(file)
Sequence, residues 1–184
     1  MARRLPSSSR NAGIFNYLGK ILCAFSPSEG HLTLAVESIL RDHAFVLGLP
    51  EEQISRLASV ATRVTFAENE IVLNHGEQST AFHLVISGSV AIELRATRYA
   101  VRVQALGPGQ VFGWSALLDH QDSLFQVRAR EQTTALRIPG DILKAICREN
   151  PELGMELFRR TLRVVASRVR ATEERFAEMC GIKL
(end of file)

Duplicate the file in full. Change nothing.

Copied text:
Sequence, residues 1–184
     1  MARRLPSSSR NAGIFNYLGK ILCAFSPSEG HLTLAVESIL RDHAFVLGLP
    51  EEQISRLASV ATRVTFAENE IVLNHGEQST AFHLVISGSV AIELRATRYA
   101  VRVQALGPGQ VFGWSALLDH QDSLFQVRAR EQTTALRIPG DILKAICREN
   151  PELGMELFRR TLRVVASRVR ATEERFAEMC GIKL